Archive for the ‘ Outlook ’ Category

Outlook Affliction

Various “discoveries” regarding Outlook and its functionality (or lack thereof):

  • Fax numbers as electronic addresses:  When you open the Address Book to address an email, you will see two entries for any contacts for which you have both an email address and a business fax number.  If you’re at all like the CEO of my company (or any other rational human being), you’re asking yourself “why on earth would I want to send an email to a fax number?”  Unfortunately, this behavior is by design.  It is intended to make fax numbers “first class” electronic addresses for fax-server/unified messaging scenarios.  It is hard-coded into a DLL for Outlook and cannot be turned off or changed.  The only real workaround is to put an F or “Fax” at the beginning of each fax number – the alpha character(s) prevent Outlook from recognizing the contents of the field as a valid fax number.  You could also store fax numbers in one of the other phone fields, as “Business Fax” is the only field that comes in for this special treatment.  Megaweak.
  • You know that drop-down of cached email addresses that you get when you start typing in the “To” field?  That’s populated from an NK2 file that stores addresses that you’ve either typed in or selected from “Contacts” or your Exchange OAB/GAB.  The thing is, when you select addresses from your Global Address Book, they’re not stored as regular SMTP addresses in the NK2 file.  Instead, they’re stored as Active Directory addresses pointing to the user object in AD.  The CN at the end of the address is a GUID-type string.  And guess what?  Outlook uses THAT CN as the search term when populating the drop-down.  So, for instance, “Alisa Hernandez” shows up when you type a “b” because her GUID starts with a B.  Awesome!
  • Office 2010 has a “compatibility issue” with Type 1 Helvetica fonts from Adobe.  Specifically, touching anything in Word or Outlook with text formatted with these (INCREDIBLY COMMON)  fonts will cause a massive insta-crash, every single time.  Supposedly this issue will be fixed in SP1.  In the mean time, there’s a registry hack that will prevent the crashes.  Open HKLM\Software\Microsoft\WindowsNT\CurrentVersion\FontSubstitution and delete the key that lists a font to substitute for Helvetica (usually Arial).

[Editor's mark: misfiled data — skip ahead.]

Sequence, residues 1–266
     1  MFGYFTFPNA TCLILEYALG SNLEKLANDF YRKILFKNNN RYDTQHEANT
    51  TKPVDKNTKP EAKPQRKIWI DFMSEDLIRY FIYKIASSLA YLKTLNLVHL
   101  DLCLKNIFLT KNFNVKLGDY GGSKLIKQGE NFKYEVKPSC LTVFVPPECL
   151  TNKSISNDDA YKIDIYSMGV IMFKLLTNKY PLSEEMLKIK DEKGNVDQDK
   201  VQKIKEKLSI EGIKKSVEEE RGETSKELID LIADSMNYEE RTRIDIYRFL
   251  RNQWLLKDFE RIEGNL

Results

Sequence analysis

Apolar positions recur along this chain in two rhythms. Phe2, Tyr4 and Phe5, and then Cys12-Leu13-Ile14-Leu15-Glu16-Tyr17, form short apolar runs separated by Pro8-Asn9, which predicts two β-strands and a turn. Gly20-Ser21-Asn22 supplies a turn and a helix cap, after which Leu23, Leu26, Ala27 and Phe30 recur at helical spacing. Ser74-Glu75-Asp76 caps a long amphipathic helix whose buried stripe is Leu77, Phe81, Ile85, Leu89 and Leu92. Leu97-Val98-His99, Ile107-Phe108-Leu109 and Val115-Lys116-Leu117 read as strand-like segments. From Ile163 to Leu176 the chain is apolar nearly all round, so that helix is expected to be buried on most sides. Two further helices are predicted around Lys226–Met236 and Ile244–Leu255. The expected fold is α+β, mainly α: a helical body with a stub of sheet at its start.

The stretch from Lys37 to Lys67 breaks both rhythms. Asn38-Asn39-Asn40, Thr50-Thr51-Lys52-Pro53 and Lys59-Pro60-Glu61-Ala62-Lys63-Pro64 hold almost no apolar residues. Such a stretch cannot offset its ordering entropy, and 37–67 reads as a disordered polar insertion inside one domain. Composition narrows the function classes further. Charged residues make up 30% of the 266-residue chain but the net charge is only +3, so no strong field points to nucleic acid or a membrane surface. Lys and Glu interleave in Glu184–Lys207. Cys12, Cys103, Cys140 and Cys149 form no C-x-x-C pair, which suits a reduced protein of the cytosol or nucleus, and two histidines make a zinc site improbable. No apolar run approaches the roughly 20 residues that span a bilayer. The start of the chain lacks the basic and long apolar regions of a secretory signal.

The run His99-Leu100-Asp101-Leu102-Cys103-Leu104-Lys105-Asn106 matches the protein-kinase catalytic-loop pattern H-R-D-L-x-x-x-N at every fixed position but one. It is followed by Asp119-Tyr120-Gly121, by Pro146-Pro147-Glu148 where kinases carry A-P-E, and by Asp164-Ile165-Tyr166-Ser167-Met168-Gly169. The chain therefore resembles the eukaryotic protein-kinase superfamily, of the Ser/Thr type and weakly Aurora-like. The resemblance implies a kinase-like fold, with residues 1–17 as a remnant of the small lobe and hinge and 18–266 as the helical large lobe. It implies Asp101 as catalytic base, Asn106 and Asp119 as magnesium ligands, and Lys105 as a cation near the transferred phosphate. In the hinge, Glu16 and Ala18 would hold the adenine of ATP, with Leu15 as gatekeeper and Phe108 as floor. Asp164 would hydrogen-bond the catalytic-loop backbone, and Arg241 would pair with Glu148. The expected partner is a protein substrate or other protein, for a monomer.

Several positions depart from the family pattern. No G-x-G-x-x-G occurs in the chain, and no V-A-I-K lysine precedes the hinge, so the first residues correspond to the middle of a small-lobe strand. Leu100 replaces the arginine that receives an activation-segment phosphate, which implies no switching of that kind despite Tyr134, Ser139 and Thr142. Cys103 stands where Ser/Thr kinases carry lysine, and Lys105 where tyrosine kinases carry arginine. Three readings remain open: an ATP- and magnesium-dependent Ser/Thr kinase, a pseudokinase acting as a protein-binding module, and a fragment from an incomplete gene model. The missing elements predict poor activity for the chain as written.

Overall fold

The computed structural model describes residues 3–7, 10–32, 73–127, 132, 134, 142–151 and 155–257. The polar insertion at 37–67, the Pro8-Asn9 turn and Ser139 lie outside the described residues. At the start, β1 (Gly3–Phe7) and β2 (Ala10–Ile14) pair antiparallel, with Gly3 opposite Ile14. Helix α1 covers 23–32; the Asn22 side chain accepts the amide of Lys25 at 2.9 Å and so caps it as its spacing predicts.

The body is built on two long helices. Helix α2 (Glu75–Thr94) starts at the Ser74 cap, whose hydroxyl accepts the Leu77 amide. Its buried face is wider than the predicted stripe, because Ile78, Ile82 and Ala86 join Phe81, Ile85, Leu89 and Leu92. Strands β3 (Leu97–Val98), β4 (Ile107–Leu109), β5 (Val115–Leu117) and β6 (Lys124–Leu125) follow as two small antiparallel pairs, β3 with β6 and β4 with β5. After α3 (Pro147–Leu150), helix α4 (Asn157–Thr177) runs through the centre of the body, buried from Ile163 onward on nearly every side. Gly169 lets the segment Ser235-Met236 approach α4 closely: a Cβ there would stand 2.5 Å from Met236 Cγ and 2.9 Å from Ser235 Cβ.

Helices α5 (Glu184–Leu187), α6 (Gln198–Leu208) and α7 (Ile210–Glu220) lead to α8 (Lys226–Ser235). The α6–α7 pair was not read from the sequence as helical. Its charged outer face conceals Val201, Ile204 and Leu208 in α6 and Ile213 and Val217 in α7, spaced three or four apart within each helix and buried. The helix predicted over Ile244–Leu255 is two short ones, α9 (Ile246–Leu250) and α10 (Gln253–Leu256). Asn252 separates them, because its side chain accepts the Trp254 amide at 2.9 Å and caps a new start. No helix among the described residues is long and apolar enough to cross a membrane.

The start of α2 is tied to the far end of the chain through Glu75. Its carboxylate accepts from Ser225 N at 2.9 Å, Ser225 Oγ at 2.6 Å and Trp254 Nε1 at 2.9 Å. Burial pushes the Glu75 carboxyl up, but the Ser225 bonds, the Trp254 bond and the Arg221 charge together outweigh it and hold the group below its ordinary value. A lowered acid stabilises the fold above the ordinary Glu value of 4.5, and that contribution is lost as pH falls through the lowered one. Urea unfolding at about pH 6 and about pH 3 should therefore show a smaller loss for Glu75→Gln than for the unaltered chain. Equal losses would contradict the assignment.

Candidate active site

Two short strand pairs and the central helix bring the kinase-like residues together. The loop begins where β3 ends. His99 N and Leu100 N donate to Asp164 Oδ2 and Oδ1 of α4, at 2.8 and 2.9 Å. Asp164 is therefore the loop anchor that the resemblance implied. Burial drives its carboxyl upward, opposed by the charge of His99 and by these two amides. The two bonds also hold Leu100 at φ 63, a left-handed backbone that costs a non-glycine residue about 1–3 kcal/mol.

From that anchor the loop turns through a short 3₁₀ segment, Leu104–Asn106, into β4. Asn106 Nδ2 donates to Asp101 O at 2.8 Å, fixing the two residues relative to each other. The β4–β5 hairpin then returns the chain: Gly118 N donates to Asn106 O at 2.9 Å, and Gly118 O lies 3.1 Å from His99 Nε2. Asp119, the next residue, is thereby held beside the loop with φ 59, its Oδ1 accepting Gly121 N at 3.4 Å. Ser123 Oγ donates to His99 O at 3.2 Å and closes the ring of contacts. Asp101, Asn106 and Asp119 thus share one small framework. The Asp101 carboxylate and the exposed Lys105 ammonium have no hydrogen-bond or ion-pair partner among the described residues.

My feelings about these issues could best be summarized as “meh”.


Adding fields to your Outlook contacts

A friend of mine wrote to ask how you can add custom fields or attributes to your Outlook 2007 contacts.  I’d never tried to do that before, so I fired up Ye Olde Virtual PC to find out (I’m running the Office 2010 technical preview on my laptop, and Outlook is considerably different).

Turns out it’s actually pretty simple and yet still remarkably obscure and confusing in that magical way that only Outlook can be!  As with most tasks in Office, there’s probably more than one way to do this.  Here’s what I did:

Open Outlook, go to Contacts and select the “Phone List” view from the list of views on the left-hand navigation pane. 

Click View > Current View > Customize Current View…


Which gets you this:


Click the “Fields” button and you’ll see this:


Click “New Field…” to get this:


Here you can define your custom field with a name (Favorite Color in my example), a data type (like text, numbers, currency, etc.), and a format.  Do your thing and then click OK three times.  You’ll be back in the Phone List view of your contacts.  Scroll all the way to the right and you’ll see your new field as the last column.

The nifty thing about the Phone List view is that it’s sort of like an Excel spreadsheet.  You can edit your contacts directly without needing to “open” them one by one, which is handy when you’ve added a field that you may want to fill in for all of your contacts (like adding everyone’s favorite color).

If you open an individual contact, you can see your custom fields by using the “Show” area on the “Contact” tab of the Ribbon:


Click the “All Fields” button and select “User-defined fields in folder” from the Select From menu.


One caveat is that your custom field is only added to a specific contacts folder.  Most home users of Outlook only have one contacts folder, and don’t really even think of it as such (because Outlook does such a great job of partially obscuring the underlying structure of your data).  However, it is possible to have multiple contacts folders, and in that instance, you’d have to add your custom fields to each folder separately.